hpca09a by mohamedaly18


									  Dynamic Hardware-Assisted Software-Controlled Page Placement to Manage
           Capacity Allocation and Sharing within Large Caches ∗
                       Manu Awasthi, Kshitij Sudan, Rajeev Balasubramonian, John Carter
                                  School of Computing, University of Utah

                           Abstract                                     allocation of cache space among threads can lead to sub-
                                                                        optimal cache hit rates and poor throughput.
   In future multi-cores, large amounts of delay and power
                                                                           Both of the above two problems have been actively stud-
will be spent accessing data in large L2/L3 caches. It has
                                                                        ied in recent years. To improve the proximity of data
been recently shown that OS-based page coloring allows a
                                                                        and computation, dynamic-NUCA policies have been pro-
non-uniform cache architecture (NUCA) to provide low la-
                                                                        posed [1–3, 9, 10, 18, 20, 22]. In these policies, the ways
tencies and not be hindered by complex data search mech-
                                                                        of the cache are distributed among the various banks and
anisms. In this work, we extend that concept with mecha-
                                                                        a data block is allowed to migrate from a way in one bank
nisms that dynamically move data within caches. The key
                                                                        to another way in a different bank that is hopefully closer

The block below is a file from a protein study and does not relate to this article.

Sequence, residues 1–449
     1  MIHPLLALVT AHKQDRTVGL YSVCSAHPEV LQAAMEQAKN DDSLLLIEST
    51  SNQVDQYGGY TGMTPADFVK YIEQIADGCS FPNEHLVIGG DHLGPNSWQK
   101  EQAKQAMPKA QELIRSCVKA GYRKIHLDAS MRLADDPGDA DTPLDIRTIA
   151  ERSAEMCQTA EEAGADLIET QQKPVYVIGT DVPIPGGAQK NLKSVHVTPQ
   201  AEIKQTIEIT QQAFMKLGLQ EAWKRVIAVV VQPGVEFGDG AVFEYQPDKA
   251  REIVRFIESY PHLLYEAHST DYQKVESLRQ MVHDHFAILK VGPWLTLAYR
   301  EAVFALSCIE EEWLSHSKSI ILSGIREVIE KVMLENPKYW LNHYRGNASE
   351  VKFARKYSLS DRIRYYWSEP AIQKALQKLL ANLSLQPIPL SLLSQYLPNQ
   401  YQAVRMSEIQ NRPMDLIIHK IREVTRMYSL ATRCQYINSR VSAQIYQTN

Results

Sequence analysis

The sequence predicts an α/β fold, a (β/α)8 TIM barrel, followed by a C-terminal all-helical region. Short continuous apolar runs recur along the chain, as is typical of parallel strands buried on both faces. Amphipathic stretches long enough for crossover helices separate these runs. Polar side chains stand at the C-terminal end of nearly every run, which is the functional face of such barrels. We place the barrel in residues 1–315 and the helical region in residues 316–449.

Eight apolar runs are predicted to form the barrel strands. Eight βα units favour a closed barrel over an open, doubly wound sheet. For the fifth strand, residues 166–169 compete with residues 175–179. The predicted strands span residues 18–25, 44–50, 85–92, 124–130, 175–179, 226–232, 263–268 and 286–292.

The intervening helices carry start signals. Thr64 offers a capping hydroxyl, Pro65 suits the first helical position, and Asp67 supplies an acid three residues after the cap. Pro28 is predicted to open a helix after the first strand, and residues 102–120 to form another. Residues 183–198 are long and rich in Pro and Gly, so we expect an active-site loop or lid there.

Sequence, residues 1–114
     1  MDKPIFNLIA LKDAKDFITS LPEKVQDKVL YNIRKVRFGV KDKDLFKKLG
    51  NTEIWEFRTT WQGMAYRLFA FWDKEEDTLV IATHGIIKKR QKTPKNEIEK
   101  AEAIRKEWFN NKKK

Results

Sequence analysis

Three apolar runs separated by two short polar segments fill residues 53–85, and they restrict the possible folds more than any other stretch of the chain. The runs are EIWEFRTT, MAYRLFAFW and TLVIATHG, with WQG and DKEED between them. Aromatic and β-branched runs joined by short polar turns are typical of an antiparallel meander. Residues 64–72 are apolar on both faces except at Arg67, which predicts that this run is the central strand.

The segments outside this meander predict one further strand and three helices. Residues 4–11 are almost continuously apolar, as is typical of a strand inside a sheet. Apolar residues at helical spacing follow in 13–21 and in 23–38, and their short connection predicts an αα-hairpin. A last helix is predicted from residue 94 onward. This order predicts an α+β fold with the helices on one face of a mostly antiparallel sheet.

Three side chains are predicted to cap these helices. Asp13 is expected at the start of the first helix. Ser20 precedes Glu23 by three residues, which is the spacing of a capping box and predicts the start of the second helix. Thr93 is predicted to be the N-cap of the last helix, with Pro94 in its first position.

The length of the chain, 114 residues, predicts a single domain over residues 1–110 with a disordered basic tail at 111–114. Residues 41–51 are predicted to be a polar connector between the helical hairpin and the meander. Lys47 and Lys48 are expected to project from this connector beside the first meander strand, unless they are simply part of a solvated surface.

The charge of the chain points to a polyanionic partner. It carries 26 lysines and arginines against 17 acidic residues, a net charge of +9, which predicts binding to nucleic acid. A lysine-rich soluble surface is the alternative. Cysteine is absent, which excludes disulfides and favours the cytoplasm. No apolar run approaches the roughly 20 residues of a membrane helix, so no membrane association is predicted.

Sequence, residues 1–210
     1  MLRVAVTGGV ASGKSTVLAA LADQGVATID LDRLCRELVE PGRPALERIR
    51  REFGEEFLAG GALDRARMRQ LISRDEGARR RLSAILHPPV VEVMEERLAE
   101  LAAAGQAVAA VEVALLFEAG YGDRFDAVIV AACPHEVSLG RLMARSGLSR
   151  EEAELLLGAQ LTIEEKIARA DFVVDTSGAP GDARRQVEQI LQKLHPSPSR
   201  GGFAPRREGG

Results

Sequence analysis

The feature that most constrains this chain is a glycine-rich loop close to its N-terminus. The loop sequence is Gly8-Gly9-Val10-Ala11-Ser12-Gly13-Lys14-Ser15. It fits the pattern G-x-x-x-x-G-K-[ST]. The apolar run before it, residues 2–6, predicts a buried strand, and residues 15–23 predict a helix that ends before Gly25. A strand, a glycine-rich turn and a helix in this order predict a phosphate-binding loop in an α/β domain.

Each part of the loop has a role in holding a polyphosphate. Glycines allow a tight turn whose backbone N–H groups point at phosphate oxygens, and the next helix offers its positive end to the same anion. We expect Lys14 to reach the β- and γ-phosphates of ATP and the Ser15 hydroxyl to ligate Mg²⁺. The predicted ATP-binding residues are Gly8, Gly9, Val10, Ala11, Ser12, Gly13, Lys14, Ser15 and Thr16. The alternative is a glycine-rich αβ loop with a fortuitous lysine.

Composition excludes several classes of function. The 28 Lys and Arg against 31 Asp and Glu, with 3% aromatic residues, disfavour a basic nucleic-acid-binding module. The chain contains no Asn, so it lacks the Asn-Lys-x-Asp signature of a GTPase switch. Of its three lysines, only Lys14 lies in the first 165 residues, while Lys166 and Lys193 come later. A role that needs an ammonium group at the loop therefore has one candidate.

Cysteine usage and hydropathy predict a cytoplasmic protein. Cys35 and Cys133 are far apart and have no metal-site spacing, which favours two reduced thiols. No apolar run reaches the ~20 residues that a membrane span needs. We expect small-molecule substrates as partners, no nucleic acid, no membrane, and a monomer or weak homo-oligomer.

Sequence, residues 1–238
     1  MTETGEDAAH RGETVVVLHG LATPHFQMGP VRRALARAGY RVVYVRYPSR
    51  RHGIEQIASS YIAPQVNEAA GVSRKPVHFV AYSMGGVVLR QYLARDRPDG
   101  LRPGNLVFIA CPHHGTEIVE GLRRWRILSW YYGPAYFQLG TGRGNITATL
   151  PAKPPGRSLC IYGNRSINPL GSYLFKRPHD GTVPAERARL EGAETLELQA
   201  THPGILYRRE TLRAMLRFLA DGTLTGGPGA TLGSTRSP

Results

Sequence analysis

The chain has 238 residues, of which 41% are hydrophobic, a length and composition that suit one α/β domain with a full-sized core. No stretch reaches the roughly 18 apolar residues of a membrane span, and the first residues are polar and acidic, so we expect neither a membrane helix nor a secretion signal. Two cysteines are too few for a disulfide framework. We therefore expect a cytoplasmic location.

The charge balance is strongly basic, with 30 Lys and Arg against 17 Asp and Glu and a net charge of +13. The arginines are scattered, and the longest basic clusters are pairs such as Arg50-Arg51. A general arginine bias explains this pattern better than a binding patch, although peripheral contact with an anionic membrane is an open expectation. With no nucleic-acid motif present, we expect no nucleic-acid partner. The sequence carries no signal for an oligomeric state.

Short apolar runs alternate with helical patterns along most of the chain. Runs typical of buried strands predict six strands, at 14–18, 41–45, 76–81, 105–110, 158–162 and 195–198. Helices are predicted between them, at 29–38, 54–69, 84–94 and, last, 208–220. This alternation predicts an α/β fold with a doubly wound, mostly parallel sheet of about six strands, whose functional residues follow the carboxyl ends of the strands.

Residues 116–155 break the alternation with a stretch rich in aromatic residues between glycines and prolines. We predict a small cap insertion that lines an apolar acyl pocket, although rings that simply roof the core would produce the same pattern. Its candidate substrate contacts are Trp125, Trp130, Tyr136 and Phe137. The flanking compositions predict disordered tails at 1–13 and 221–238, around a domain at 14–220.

innovation is the use of a shadow address space to allow
                                                                        to the core accessing this data block. The problem with
hardware control of data placement in the L2 cache while
                                                                        these approaches is the need for a complex search mecha-
being largely transparent to the user application and off-
                                                                        nism. Since the block could reside in one of many possi-
chip world. These mechanisms allow the hardware and OS
                                                                        ble ways, the banks (or a complex tag structure) must be
to dynamically manage cache capacity per thread as well
                                                                        systematically searched before a cache hit/miss can be de-
as optimize placement of data shared by multiple threads.
                                                                        clared. As the number of cores is scaled up, the number of
We show an average IPC improvement of 10-20% for multi-
                                                                        ways will have to also likely be scaled up, further increas-
programmed workloads with capacity allocation policies
                                                                        ing the power and complexity of the search mechanism.
and an average IPC improvement of 8% for multi-threaded
workloads with policies for shared page placement.                         The problem of cache space allocation among threads
                                                                        has also been addressed by recent papers [19, 29, 35, 38].
   Keywords: page coloring, shadow-memory addresses,
                                                                        Many of these papers attempt to distribute ways of a cache
cache capacity allocation, data/page migration, last level
                                                                        among threads by estimating the marginal utility of an
caches, non-uniform cache architectures (NUCA).
                                                                        additional way for each thread. Again, this way-centric
                                                                        approach is not scalable as a many-core architecture will
1. Introduction                                                         have to support a highly set-associative cache and its cor-
                                                                        responding power overheads. These way-partitioning ap-
   Future high-performance processors will implement                    proaches also assume uniform cache architectures (UCA)